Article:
Even with all the changes over the years, one thing remains constant. It is still manned by volunteers.
Members pay for their own radios and uniforms and put in hours and hours of training, searches and community service.
Barton comments, “I don’t think the general public realizes how much time these guys put into being on the Search and Rescue.
“I have a son-in-law that is on it right now, and I never knew until now just how many times they get called out for a rescue.”
He encourages the Search and Rescue members on Jeep Posse Days to let people know how the money will be spent and what equipment they’ll buy to help the community see “they are truly an asset to Sanpete County.”
He adds, “I really believe that for a community our size, we have some of the best equipment and manpower of any county in the state, and as long as they want to keep doing Radio Days, we will continue to have it.”
Volunteers keep coming
What keeps these volunteers going out in the worst weather and putting themselves in dangerous situations?
One answer is the friendships that outlast members’ years of service—the brotherhood they feel for each other.
Another answer is that rewarding feeling that comes from having a successful search and reuniting a family with a loved one or being able to give closure to another.
And the people in Sanpete County continue to support them with their fundraising efforts every year. Even when the economy is bad and money is tight for everyone, people show up to make purchases or just leave a donation.
Brian Nielson, Sanpete County sheriff, said of Search and Rescue, “This organization was built on the backs of some of the most dedicated and caring people this county has seen. The success we have today stems from their hard work.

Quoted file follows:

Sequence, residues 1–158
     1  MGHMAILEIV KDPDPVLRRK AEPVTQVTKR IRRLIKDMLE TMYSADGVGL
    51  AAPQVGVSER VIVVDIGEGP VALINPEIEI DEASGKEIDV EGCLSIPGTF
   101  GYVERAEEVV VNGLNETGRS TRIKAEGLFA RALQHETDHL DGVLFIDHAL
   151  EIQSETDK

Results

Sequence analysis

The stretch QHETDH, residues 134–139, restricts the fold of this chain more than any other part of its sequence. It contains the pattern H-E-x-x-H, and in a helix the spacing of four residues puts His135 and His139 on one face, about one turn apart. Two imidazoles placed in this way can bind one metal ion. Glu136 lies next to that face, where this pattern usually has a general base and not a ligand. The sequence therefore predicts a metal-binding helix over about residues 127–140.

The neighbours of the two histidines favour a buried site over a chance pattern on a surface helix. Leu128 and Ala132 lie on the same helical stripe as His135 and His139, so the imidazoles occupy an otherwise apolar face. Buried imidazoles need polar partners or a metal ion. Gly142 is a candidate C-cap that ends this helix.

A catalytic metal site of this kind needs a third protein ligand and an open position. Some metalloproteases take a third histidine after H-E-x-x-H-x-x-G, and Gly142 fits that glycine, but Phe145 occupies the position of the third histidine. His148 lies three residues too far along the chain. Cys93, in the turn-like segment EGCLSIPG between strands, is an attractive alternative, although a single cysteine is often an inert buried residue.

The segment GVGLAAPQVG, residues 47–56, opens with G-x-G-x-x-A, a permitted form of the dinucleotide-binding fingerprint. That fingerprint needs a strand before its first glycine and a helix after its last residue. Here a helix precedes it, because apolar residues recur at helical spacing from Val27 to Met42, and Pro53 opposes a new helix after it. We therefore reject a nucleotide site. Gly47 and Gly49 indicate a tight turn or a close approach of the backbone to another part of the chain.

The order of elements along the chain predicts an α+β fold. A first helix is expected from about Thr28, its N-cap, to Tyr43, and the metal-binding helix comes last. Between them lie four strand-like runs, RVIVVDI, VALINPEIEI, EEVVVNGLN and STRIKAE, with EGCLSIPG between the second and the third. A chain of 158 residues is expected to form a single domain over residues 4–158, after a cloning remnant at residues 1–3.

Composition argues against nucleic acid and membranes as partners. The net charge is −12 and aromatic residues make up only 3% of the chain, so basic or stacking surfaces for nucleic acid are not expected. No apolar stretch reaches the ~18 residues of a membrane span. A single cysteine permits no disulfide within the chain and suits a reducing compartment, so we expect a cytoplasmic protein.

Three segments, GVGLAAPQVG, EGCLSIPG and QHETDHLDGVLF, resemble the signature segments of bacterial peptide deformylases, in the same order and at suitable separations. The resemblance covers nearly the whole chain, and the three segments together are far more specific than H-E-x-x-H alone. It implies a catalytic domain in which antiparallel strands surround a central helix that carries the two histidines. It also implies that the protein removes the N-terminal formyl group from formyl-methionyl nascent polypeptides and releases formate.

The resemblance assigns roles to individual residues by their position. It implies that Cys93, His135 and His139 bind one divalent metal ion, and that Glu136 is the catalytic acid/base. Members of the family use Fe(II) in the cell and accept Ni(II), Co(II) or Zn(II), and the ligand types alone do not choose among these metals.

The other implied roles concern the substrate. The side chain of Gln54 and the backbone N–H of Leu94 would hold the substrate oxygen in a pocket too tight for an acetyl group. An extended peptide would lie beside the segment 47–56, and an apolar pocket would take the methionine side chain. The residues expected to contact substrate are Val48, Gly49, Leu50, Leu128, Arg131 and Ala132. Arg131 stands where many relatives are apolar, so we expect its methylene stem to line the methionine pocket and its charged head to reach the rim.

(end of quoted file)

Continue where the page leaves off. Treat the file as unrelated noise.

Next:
“So to the many members who have donated their time, vehicles, airplanes and equipment over the last 50 years, we humbly say thank you.
“You will never find a more giving and bighearted group, willing to sacrifice their lives for the safety of complete strangers.”
He added, “For every member that has dropped everything at a second’s notice to run to the aid of someone else, there was a family who was left behind to carry on the family routine. We say thank you to each and every one of them.”
Nielson also expressed his thanks to Barton, “Words will never express what you have done and continue to do for us and the community every year. Thank you!”
And then, Nielson thanked the community: “And, most of all, we say thank you to the great people and businesses in Sanpete County and beyond who continue to support and stand by us. We truly appreciate all that you do for us.”
Every year, the men and women of Sanpete County Search and Rescue save the lives of those who run into trouble in this county.
And the calls are always answered, even when inconvenient, such as a climbing incident in Maple Canyon that requires expertise in high-angle rescue, a water rescue even through the ice or an avalanche or storm that has stranded someone.
Search and Rescue volunteers have packed injured people out of some of the deepest, darkest parts of the county when not much equipment could be used.
To become part of this organization, contact the Sheriff’s Office.
Current officers for 2017 are Andy Christensen, commander; Dave Bowles, 1st vice; Neil Johnson, 2nd vice; and Kerry Nielson, secretary.
New officers for 2018 are Neil Johnson, commander, Lory Quarnberg, 1st vice; Zeke Stevens, 2nd vice; and Katie Sedlak, secretary, under the direction of Nielson, Sanpete County sheriff.